Anais Nin & Writing On Secrets: Day 2 of Project 365

Portrait of Anais Nin taken in NYC in 70s by E...

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The role of the writer is not to say what we can all say but what we are unable to say.–Anais Nin

Another well-known writer today, Anais Nin is famous for a lifetime of detailed journals she maintained that were published posthumously. She is also known for her groundbreaking erotica fiction that not only founded a genre that is becoming more popular today, but in my opinion must have taken a lot of courage to write.

In that vein, her quote has more layers than it might seem over a first, general reading. Authors like Nin use their publications to explore their own deep secrets, and their writing is richer and has more depth because of it.

To be honest, my first reaction to reading a summary of Nin’s work (found here) is to balk at the level of taboo nature she writes about. Writing things like that, things of a taboo nature that I rarely (or never) discuss with other people, terrifies me. But the main difference between Anais Nin and other writers, people like you and me, is not that she had more experiences than a typical person, or that she is more taboo or vulgar or however you would like to put it.

The difference is she had the courage to put herself – her true self – into her words. And she was a better writer for it.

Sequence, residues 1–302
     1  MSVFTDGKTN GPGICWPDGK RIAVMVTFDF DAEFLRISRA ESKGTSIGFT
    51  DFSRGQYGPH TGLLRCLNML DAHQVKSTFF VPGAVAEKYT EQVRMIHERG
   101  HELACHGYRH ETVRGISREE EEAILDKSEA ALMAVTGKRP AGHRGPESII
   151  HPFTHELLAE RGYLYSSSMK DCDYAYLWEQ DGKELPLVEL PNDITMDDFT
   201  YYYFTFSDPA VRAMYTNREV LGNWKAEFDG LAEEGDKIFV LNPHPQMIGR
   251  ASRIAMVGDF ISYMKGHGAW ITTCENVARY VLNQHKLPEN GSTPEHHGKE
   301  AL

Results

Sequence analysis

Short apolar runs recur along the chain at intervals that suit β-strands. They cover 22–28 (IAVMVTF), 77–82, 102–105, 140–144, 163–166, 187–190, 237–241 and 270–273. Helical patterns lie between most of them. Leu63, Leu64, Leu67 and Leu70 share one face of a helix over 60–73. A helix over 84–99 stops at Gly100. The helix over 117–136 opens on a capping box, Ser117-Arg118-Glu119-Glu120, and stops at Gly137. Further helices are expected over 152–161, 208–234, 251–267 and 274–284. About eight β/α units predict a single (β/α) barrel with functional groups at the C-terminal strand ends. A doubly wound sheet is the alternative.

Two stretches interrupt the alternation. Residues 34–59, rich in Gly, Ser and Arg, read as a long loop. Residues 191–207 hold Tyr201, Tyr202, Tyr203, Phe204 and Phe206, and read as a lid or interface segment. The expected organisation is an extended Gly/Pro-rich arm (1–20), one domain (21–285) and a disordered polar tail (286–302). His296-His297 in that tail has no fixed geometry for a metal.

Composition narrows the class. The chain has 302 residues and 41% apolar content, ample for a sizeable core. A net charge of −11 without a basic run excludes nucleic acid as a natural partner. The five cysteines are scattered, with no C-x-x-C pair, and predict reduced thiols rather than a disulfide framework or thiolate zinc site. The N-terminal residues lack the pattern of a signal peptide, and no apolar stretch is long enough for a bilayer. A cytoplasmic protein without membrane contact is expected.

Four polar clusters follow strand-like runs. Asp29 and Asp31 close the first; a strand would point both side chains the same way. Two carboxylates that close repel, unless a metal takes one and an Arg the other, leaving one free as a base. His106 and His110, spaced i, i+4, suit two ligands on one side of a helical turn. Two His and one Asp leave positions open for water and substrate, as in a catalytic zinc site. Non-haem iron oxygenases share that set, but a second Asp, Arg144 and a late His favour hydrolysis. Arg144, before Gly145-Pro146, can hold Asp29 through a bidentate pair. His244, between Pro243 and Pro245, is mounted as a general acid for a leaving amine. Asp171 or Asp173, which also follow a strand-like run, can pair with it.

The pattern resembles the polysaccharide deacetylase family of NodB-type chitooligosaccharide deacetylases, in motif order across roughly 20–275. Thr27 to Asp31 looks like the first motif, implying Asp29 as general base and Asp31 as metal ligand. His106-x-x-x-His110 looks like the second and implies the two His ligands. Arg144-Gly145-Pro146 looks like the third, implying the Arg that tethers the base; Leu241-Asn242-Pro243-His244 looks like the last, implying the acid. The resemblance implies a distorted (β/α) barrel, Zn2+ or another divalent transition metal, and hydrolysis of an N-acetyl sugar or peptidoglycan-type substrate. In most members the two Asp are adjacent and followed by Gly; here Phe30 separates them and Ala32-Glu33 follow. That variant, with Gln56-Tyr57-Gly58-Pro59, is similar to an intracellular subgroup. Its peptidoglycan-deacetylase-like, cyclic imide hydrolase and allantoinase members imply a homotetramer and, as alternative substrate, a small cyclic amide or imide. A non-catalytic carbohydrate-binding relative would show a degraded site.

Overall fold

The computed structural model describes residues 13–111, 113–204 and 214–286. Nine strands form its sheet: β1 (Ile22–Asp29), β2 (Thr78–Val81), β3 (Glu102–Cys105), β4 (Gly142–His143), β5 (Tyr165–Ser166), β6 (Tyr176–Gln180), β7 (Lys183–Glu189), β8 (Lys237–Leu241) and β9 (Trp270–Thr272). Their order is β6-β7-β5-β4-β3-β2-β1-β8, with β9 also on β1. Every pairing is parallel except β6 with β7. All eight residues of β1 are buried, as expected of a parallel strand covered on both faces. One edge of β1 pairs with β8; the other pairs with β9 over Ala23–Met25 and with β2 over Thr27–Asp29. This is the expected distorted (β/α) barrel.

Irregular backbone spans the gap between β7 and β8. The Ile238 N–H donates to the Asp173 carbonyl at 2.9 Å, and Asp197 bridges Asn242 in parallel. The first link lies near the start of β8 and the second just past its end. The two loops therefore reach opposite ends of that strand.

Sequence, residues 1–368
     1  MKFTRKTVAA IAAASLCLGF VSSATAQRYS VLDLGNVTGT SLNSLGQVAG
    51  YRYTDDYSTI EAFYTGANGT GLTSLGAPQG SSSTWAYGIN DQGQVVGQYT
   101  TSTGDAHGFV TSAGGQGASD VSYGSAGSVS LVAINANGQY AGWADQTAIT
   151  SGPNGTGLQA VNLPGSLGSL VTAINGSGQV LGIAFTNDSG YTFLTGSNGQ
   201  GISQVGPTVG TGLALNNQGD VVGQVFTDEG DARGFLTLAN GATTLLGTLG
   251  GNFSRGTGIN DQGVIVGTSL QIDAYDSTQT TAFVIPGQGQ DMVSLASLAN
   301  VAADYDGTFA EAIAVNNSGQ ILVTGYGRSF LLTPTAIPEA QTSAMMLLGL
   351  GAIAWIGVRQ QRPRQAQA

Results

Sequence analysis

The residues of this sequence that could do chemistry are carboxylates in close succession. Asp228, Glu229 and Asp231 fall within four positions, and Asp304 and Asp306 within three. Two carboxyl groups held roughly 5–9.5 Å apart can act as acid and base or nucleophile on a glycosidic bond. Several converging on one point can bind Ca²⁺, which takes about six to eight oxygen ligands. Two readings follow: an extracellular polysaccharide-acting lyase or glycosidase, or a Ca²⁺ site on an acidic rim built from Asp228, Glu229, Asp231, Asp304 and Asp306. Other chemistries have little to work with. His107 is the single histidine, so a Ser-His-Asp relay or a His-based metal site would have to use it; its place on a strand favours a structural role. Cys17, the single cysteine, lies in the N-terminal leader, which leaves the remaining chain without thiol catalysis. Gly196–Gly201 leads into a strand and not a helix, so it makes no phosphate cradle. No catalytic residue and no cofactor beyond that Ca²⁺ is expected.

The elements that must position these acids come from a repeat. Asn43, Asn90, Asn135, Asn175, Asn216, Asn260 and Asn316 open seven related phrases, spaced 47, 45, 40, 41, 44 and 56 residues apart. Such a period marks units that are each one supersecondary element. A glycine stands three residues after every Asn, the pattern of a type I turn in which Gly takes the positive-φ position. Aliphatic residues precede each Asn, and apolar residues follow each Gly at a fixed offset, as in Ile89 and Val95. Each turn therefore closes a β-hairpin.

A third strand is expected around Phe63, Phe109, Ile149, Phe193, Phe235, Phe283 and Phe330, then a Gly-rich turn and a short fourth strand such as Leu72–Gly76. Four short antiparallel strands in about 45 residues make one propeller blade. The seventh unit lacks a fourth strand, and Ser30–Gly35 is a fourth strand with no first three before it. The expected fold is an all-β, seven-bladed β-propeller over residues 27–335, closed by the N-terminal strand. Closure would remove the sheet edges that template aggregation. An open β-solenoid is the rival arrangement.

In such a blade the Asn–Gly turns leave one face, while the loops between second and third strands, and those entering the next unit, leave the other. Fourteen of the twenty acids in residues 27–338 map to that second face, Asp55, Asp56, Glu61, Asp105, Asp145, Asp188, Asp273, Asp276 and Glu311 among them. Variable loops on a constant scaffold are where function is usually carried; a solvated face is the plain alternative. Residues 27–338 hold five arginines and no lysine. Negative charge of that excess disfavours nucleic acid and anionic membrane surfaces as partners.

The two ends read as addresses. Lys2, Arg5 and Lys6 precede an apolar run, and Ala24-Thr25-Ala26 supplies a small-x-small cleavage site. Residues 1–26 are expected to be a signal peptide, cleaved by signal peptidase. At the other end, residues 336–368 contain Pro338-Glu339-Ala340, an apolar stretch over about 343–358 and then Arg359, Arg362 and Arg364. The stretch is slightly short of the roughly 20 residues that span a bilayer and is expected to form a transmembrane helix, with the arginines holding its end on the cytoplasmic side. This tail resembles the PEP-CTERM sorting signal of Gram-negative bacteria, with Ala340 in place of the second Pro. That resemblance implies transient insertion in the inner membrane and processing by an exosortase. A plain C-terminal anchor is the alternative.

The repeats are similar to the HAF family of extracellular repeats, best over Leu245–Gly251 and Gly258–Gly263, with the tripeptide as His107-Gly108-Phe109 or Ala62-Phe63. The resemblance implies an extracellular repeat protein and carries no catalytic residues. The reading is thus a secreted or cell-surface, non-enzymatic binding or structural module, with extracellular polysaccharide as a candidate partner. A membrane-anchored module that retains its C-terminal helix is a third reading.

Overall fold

This lesson is easy for me to preach, sitting here on my laptop, thinking about what Nin really meant. Do not doubt, however, that following through with Nin’s advice, and writing “what we are unable to say” would be one of the biggest challenges of my writing career.

Isn’t it so much easier to write for a company? To write an article where you know what your audience wants, what your boss wants, what will sell when an reader is skimming headlines?

Not to write as a reaction to outside forces and desires. To allow the words to bubble up and frothily spill onto the page, despite how much truth resides in them.

I admit, when writing my fiction I sometimes find my story going in a risque direction, somewhere I’m not sure I will have the courage to follow, and I immediately edit, change, delete and erase until I have control of a safe environment once more.

I’m suspicious I’m taking all the excitement out of my fiction.

What do you think? Do you have trouble writing about taboo subjects, or does it come easily to you?

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One thought on “Anais Nin & Writing On Secrets: Day 2 of Project 365

  1. Pingback: Vices with Brendan Behan: Day 13 of Project 365 « Writer's Code

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